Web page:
From Haifa to Ramallah: A First Hand Account of the Zionist and Palestinian Narrative (Part 2)
Haifa has been a part of Israel since 1948, therefore there remains overall less dispute surrounding the ownership of the northern port city.
Haifa is a mixed city, where both Arabs and Jews live, work, and study together, thus several political movements are able to find a support within the city.
Despite the media’s affinity for personifying Israel with those who hold notorious Zionist views, it is imperative to realize that Israel is not exclusively home to Zionist Jews.
Haifa is home to many Arabs, several of whom self-identify as Palestinian, and forego the Israeli identifier.
At the same time, there are several Israeli-Arabs (Arabs, Christian or Muslim, who possess Israeli citizenship) who proudly claim Israel as their home, while still acknowledging the tragedies that occur in Palestine.
Along with those individuals are Israeli-Jews with drastic, daring, Zionist convictions.
One of Them
When I first arrived to Israel, people would ask me why an American from southern California would uproot their life and live in Israel for an entire year- in Haifa of all cities.
I was honest. I would say that I was there to study Arabic and Hebrew, as well as international relations, but for the moment, my focus was on Arabic.
Immediately, people’s faces would cringe, and say “Why in the world would you want to learn Arabic?” or another common response, “Why would you want to be associated with them?”
I didn’t understand the weight of those inquiries until I really began to find my place in Haifa’s society. Wanting more than jut a tourist experience, I opted to share an apartment with local university students, all three of whom happened to be native-Arabic speakers.
We shared a home, meals, and stories. When we would leave the university together, evidently not Jewish, we would sometimes receive dirty look for throwing Arabic around instead of Hebrew.
At one point, we had all traveled downtown together and were exchanging stories about our classes that semester. An older man came up to us, and in Hebrew said, “You all speak Hebrew, so speak it,” and angrily walked away.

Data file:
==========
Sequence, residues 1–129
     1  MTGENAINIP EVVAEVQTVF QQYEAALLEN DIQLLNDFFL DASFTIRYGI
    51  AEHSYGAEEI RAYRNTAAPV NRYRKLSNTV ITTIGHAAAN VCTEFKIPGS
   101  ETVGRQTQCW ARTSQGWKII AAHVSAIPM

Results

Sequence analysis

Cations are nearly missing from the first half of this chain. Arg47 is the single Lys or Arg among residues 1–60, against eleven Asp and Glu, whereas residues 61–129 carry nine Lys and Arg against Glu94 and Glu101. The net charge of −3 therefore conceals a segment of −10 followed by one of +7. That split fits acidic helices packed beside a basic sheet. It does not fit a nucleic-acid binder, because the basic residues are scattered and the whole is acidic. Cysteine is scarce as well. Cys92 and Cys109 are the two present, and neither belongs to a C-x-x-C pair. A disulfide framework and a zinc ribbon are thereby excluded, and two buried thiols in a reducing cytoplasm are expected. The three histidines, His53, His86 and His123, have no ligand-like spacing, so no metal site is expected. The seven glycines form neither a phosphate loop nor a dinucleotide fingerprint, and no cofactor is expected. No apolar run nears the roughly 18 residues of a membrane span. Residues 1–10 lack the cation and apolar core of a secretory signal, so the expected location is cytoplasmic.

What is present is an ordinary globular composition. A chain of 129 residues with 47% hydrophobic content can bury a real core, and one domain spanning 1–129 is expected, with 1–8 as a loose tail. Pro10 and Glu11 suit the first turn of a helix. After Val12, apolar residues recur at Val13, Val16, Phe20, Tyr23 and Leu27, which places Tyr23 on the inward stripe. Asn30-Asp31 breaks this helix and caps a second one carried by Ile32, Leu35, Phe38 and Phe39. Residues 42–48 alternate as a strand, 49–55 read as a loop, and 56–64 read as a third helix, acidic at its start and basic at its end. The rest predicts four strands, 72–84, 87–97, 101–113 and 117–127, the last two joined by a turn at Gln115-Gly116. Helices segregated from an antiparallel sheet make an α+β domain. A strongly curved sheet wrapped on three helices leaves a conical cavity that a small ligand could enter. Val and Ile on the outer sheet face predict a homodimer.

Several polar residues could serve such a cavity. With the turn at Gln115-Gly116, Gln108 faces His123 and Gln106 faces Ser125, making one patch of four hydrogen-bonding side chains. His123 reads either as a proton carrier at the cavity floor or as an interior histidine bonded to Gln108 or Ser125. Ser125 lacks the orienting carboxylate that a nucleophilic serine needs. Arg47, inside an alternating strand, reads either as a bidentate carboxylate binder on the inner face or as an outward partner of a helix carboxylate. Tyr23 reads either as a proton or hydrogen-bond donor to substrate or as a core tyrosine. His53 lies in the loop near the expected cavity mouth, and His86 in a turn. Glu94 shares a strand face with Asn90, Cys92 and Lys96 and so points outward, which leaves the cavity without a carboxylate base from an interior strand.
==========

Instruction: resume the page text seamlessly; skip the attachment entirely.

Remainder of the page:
Even in Haifa, where evidence of non-Muslim Arabs and Israel-supporting Arabs were all around them, racism proved rampant among Israel’s Jewish population.
During my time at the university, I found that many young Jews, most of whom had all served the minimum three years of compulsory service in the IDF, did have an abnormal prejudice towards Arabs.
Phrases such as, “Dirty Arab,” and other suggestive insults were commonplace in local lexicon.
On Israel’s Holocaust Memorial Day, a young Muslim woman chose to not stand in silence to demonstrate respect for those who lost their lives, and instead, walked up to the line at our campus cafe, and waited for the alarm to end to receive service.
She received dirty looks, and rude, hushed comments.
Zionist Sentiment Among Millennials
If you ask most young Jews about the Zionist movement, they will disavow the radical political figures from the media, but still cling to many of the same ideas.
A prime example of this is the popularity of the platform of the newly-formed Zehut Party in Israel, somewhat comparable to the American Libertarian Party.
Although distinct from the more “radical right-wing” groups, the Zehut Party, led by Moshe Feglin, caters to a group of young individuals who aim to influence Israeli politics by Zehut’s motto, “Liberty, Purpose, and Jewish Identity.”
According to the Daily Wire’s interview with Feglin, the Zehut party proposes a unique solution to the Israeli-Palestinian territorial conflict. “Financial assistance to emigrate, permanent residency status for ‘those who stay and openly declare their loyalty to Israel, just like residents of other Western countries,’ and ‘the few who wish to become loyal Israeli citizens and serve in the army…will be able to receive full citizenship following a lengthy and in depth examination.”
Although young Jews may not be lining the walls to cast their vote for the Likud party, many Zionist ideals are certainly ingrained in society.
What does this mean?
Residents of both Haifa and Ramallah, Jewish and Arab, find themselves in a land with no clear solution in sight.
The consensus reached by residents of both cities says “no two-state solution.”
To quote my dear hostel keeper in Ramallah, “Both sides will spew their support for a two-state solution to all of the polls and media sources, but none of us believe in it.”
The Trump administration’s ability to negotiate a deal with Israel and Palestine will heavily depend on the residents’ willingness to comply with the terms of the agreement, and musts be rooted in understanding of the complexities of politics on all sides of the Israeli border.